Don’t miss Peter Manseau at the Perryville library on April 3rd! To register, call 410-996-6070 x 3, or go online to our website!


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Amelia Earhart: Pioneer of Flight

April 4th, 2016

Amelia Earhart biography      Amelia Earthart biography      adult2          adult3

There has always been a bit of a mystery around Amelia, due to the fact that she disappeared along with her navigator during an attempt to become the first woman to fly around the world. There are many theories about their fate, but Amelia is foremost remembered for her courage and groundbreaking achievements, both in aviation and for women.

If we go back to when Amelia was a young girl in the 1900’s, she always fought the occasional disapproval of being a bit of a tomboy. She loved to climb trees, ‘belly slam’ her sled downhill and she hunted rats with a .22 rifle. Even at a young age, she felt defiant about what was expected of her and kept a scrapbook of clippings about successful women in predominantly male-oriented fields.

Amelia first felt the pull of the sky in her teens, when she attended a stunt-flying exhibition with a friend. A pilot spotted them and thought he’d give them a thrill…diving his plane down at them on the ground. Earhart stood her ground and she said later, “I did not understand it at the time, but I believe that little red airplane said something to me as it swished by.” On December 28, 1920, pilot Frank Hawks gave her a ride on a flight and that forever changed her life and she knew she had to fly.

She finally took her first flying lesson on January 3, 1921 and in only six months’ time she managed to buy her first airplane…a second-hand Kinner Airster. It was a bright yellow two-seater biplane and she named it ‘The Canary.’ She set her first women’s flying record in it by flying at an altitude of 14,000 feet.

In April of 1928, a group including book publisher George P. Putnam asked Amelia if she’d like to be the first woman to fly the Atlantic and she immediately jumped into the project. Her team included pilot Wilmer ‘Bill’ Stultz and co-pilot/mechanic Louis E. ‘Slim’ Gordon. They left Newfoundland, Canada in a Fokker F7 on June 17, 1928 and arrived in Wales about 21 hours later. Their success was hugely celebrated with a ticker-tape parade in New York and a reception by President Coolidge.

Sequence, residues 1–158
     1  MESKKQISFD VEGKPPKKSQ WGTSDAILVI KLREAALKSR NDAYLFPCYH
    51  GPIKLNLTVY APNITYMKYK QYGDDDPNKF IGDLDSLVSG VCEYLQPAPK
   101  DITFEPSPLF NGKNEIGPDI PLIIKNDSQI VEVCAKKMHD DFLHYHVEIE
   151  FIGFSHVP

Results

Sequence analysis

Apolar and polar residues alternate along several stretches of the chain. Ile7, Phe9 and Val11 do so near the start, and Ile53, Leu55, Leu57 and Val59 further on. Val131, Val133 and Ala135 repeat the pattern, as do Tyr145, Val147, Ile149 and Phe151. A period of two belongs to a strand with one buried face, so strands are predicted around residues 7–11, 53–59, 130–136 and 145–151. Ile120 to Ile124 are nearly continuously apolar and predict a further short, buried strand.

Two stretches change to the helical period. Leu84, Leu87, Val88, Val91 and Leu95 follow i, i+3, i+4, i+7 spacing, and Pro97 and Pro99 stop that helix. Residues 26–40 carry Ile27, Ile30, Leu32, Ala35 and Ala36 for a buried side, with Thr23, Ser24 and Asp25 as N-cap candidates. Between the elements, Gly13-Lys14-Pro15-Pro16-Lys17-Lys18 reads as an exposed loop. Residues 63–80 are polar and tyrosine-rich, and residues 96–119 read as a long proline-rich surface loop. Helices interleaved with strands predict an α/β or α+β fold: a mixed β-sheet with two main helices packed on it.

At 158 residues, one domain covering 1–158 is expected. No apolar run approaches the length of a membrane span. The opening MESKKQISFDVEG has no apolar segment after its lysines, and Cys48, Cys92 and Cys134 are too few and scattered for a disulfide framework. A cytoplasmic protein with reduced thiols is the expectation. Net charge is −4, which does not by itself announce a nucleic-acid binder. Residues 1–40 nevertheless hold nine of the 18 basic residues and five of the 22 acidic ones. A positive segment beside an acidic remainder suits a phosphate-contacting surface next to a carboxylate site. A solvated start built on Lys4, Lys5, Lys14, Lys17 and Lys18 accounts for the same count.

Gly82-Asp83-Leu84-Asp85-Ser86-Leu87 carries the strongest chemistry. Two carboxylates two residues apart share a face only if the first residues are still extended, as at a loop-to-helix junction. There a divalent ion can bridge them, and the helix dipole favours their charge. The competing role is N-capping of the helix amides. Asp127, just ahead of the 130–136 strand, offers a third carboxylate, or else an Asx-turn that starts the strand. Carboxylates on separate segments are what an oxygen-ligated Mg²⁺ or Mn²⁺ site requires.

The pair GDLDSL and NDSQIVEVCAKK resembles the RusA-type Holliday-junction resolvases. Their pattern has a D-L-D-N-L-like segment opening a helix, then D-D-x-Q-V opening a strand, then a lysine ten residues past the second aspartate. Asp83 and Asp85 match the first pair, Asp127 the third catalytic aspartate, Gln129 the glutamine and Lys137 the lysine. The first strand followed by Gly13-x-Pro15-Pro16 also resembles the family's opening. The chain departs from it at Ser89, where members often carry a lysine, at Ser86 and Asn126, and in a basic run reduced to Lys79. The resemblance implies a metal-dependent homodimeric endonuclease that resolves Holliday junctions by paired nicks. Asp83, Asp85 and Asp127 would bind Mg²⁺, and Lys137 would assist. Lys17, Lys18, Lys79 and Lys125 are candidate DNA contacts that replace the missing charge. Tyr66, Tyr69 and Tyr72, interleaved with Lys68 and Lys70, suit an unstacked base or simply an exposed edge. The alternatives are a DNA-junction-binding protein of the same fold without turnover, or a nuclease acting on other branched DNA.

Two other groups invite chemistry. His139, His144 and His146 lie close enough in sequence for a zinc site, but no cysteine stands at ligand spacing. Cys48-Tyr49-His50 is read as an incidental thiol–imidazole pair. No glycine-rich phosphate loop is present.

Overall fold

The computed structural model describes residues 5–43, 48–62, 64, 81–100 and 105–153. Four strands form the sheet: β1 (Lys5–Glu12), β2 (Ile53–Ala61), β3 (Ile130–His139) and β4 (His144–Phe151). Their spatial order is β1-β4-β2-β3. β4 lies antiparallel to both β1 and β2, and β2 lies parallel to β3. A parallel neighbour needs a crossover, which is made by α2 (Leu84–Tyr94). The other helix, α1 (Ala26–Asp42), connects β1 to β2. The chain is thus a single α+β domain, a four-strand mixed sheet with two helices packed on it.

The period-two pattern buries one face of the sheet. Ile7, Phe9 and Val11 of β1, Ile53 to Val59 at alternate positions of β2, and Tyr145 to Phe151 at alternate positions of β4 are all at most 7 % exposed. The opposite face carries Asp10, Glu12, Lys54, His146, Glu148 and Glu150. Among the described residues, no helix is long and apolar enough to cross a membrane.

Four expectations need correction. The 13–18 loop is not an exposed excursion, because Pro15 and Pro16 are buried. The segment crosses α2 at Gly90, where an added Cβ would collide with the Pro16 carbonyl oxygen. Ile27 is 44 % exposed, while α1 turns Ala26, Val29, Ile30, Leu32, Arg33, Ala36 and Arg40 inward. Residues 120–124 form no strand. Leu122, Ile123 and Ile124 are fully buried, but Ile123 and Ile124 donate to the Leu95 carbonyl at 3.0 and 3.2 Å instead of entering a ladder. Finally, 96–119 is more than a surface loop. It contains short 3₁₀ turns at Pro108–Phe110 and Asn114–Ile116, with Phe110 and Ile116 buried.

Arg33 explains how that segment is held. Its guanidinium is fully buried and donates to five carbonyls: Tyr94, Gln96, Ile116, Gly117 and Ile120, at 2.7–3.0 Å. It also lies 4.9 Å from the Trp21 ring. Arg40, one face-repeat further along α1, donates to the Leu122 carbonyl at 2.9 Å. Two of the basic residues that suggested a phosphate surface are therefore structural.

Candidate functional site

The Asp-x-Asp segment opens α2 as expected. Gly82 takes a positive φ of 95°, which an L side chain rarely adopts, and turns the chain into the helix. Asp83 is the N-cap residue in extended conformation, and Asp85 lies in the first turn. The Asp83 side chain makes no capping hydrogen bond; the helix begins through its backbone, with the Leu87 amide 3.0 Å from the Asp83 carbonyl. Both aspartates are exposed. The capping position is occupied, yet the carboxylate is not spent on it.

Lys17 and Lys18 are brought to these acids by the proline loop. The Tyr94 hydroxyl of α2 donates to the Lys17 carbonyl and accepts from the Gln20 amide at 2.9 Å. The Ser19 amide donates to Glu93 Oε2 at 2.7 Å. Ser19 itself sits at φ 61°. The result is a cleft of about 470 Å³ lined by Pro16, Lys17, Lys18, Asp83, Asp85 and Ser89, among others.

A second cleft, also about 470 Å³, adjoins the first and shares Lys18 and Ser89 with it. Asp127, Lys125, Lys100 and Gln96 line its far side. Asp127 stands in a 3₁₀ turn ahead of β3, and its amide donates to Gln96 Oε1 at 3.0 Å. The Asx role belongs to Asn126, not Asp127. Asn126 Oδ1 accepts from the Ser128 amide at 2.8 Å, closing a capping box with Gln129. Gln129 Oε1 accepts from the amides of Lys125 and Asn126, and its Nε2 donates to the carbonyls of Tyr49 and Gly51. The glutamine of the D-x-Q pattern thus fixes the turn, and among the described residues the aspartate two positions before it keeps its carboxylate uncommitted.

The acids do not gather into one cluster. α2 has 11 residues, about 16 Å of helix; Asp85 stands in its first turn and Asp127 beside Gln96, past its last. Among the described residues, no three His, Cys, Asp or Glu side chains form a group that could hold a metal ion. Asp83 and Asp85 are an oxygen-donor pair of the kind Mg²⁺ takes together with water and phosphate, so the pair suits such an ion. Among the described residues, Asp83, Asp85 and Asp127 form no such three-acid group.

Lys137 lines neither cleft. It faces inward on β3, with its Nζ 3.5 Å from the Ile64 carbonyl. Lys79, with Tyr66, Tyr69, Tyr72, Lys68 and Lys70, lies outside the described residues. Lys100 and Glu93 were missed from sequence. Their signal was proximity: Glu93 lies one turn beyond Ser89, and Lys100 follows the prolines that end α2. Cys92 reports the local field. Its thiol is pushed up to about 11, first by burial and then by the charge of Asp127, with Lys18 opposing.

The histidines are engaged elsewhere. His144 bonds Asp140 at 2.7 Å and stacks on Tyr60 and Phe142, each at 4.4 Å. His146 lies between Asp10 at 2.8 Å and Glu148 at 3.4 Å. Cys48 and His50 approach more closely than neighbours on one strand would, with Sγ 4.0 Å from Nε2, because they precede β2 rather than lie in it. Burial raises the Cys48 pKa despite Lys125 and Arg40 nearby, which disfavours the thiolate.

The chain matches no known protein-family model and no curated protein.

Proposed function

Amelia went on in May of 1932…five years to the day after Lindbergh took his historic flight…to become the first woman and the second person to fly solo across the Atlantic. Earhart felt the flight proved that men and women were equal in “jobs requiring intelligence, coordination, speed, coolness, and willpower.”

As Earhart neared her 40th birthday, she was ready for her biggest challenge: she wanted to be the first woman to fly around the world. On June 1, 1937, Earhart and her navigator, Fred Noonan, left from Miami and began the 29,000 mile journey. By June 29th, when they landed in New Guinea, they had completed all but 7,000 miles of the trip. Their next hop to Howland Island was the most challenging and it was during that flight that contact was lost with them. The rescue attempt was the most extensive air and sea search in naval history at that time.

In a final quote in a letter to her husband before her final flight she wrote, “Please know I am quite aware of the hazards. I want to do it because I want to do it. Women must try to do things as men have tried. When they fail, their failure must be but a challenge to others.”

If you are intrigued to learn more about this pioneering tom-boy, join us for “History Alive – Flying High with Amelia Earhart” at the Chesapeake City Branch Library, Wednesday, April 20 at 6 PM. Mary Ann Jung, will bring to life the fascinating story of Amelia Earhart in this special, after-hours event. Call 410-996-1134 to register.

Have you dreamed of flying solo?